Well as I say in the previous response, I think it is integral.  We
might be in disagreement on this.

> > By using symbolism, visualization, meditation, etc. one creates a
> > mental copy of the object of intent.  One alters it in a way
> > positive to one's intent.
> >
> > Physical action creates the link between the created mental world
> > and the object of intent.
> that is a very important way of analyzing magic, yes. there are
> others, and I'm trying to lend a voice in defense of these here.
> typically a spell includes some physical connector between the
> magical object and the target or recipient of the magic. there
> may be no mental 'world' at all aside from the idea which one
> wishes to manifest ("bring me money", for example).

Well yes, I don't feel otherwise.  I'm not saying "imagining a visual
image of the world" is the be-all and end-all, but any way you go
about it, the magician's -intent- is being impressed on the world in a
way which bypasses the 'normal rules'.

I mean, that's all I'm saying when I say "applying will to a mental
world":  the 'mental world' is the magician's intent, and the
'applying will' is the act of magic.

I'm sorry, but I don't see how any 'act of magic' could be which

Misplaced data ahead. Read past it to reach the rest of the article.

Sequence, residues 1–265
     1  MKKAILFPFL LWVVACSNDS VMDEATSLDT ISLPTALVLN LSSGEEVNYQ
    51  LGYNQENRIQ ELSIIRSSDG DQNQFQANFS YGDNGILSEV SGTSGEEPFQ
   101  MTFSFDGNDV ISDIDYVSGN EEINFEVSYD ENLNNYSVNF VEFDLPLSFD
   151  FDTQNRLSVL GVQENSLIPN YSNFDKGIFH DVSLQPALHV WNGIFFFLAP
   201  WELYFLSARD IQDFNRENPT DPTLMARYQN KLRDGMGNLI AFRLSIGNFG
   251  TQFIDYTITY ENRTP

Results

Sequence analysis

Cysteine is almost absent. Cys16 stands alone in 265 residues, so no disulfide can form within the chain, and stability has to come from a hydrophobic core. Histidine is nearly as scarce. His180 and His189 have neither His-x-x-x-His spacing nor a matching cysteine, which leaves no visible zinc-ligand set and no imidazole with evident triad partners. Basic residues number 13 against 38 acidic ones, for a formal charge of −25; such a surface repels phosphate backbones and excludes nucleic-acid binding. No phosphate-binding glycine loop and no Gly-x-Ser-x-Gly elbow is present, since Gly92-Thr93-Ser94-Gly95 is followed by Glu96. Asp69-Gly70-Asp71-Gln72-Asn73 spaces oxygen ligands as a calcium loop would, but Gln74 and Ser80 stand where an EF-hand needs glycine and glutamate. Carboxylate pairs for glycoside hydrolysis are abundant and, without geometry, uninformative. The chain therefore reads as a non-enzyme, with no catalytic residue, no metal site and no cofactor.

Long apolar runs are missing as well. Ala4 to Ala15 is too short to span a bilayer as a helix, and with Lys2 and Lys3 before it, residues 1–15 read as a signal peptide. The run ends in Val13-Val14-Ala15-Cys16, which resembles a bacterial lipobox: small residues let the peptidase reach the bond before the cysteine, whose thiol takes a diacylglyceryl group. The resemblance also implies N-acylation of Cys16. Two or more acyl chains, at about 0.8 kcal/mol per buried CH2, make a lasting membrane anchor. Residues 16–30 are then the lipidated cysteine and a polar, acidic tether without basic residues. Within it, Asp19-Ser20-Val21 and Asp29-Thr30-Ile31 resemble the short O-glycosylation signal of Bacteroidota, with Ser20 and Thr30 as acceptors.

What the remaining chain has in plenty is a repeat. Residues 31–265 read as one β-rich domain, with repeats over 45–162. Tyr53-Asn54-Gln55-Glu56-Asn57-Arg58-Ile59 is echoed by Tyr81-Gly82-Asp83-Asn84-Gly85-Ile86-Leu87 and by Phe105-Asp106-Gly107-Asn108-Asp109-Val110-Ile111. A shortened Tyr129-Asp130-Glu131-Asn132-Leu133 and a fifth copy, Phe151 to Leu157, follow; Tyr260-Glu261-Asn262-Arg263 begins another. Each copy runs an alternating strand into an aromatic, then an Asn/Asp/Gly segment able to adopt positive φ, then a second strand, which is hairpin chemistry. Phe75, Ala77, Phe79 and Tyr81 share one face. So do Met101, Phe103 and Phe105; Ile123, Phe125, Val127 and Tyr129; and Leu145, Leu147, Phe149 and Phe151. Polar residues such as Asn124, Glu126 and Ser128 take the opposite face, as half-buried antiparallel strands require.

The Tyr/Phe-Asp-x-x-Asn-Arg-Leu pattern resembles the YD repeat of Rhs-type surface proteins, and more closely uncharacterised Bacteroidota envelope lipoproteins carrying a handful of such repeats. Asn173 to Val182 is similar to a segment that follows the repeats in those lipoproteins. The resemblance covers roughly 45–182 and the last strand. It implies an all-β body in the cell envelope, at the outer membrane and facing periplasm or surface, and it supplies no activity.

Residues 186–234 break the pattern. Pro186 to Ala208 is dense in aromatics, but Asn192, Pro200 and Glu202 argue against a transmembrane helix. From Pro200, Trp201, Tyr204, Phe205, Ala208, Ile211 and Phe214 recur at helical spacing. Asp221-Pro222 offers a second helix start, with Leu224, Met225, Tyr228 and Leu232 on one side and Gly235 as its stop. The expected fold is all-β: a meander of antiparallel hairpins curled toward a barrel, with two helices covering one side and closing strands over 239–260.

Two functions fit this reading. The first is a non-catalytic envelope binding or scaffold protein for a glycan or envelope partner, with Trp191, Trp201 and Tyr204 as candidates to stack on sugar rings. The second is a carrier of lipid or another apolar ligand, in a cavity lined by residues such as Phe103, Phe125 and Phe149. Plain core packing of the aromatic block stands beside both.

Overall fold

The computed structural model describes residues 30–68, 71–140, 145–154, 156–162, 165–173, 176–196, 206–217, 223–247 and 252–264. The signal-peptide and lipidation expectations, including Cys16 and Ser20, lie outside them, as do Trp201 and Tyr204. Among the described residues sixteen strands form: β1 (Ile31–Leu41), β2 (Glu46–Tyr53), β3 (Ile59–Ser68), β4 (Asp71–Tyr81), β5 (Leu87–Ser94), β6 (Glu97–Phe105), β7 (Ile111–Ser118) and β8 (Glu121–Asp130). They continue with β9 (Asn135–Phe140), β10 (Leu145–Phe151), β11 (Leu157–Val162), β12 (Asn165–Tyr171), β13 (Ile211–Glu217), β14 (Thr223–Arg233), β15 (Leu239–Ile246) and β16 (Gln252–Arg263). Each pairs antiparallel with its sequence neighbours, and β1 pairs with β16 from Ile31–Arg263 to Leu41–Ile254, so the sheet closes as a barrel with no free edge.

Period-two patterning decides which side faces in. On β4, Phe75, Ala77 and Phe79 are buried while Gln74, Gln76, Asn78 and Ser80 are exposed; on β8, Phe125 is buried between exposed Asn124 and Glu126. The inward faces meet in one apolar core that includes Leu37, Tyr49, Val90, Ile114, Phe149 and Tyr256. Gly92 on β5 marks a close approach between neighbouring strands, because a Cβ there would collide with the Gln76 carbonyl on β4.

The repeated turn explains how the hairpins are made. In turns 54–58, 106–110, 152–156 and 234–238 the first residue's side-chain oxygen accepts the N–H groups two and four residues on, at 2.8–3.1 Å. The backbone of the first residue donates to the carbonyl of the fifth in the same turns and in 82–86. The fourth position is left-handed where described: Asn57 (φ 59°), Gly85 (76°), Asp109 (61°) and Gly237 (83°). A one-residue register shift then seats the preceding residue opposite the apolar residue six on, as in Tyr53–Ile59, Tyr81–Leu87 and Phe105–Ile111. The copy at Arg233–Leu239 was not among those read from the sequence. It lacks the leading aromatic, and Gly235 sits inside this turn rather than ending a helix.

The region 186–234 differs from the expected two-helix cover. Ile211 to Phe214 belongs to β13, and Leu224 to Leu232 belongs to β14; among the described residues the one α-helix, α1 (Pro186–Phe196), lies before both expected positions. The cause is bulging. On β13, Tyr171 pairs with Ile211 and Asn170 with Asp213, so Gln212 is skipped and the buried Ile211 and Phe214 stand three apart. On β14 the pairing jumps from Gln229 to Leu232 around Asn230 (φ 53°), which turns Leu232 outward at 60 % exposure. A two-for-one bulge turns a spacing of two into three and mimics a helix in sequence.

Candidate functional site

doesn't fit this.

> also, some magical instructors emphasize the eventual
> DISconnection between one's mental world and the intended
> results. that is, they teach that one must visualize the
> result, set the magic to effect the change in motion, and
> then FORGET the spell. this also appears in the sigilization
> techniques popularized by people like Spare and Grant, who
> advise the creation of a glyph made of conscious symbols or
> words manipulated into a 'nonsensical' symbol which one may
> use in one's ritual.

Yes, this is what I mean by 'bypassing the conscious mind'.

The conscious mind is closer to the rules of the perceived 'external

The mind itself though is where the magic occurs, so being able to set
the mind in action without falling into the conditioned pattern of
these rules is one way to improve your practice.

> this last is more along the lines of 'bypassing the conscious
> mind' which you mentioned above. I'm not sure how you may be
> reconciling this "link" and "bypassing the conscious mind".
> perhaps 'mental' is intended to encompass the subconscious
> mind and therefore no conflict truly exists.
> thanks for extending the conversation somewhat beyond the
> personality-feuds brought by others in this thread. ;>


Again, I don't think we have as much of a point of disagreement as you
seem to see.

I really want to emphasize, I'm not talking about "picturing a world
and sending energy into it", sort of like a monk meditating.

Any way you go about it, magic is a magician impressing his intent,
his will, directly upon the world.  So we have two 'realities':  the
magician's 'intent', which is a mental world existing only to the
magician initially, and the world upon which he wishes to impress this
will, which is what I am calling 'the external world' or 'perceived
external world'.

As far as I can see, we are basically talking about the same things,
but I think I'm creating a different idea to you.
Joe Cosby

Here at Microsoft, drive head contention is more than just our promise
to you.

It's a way of life.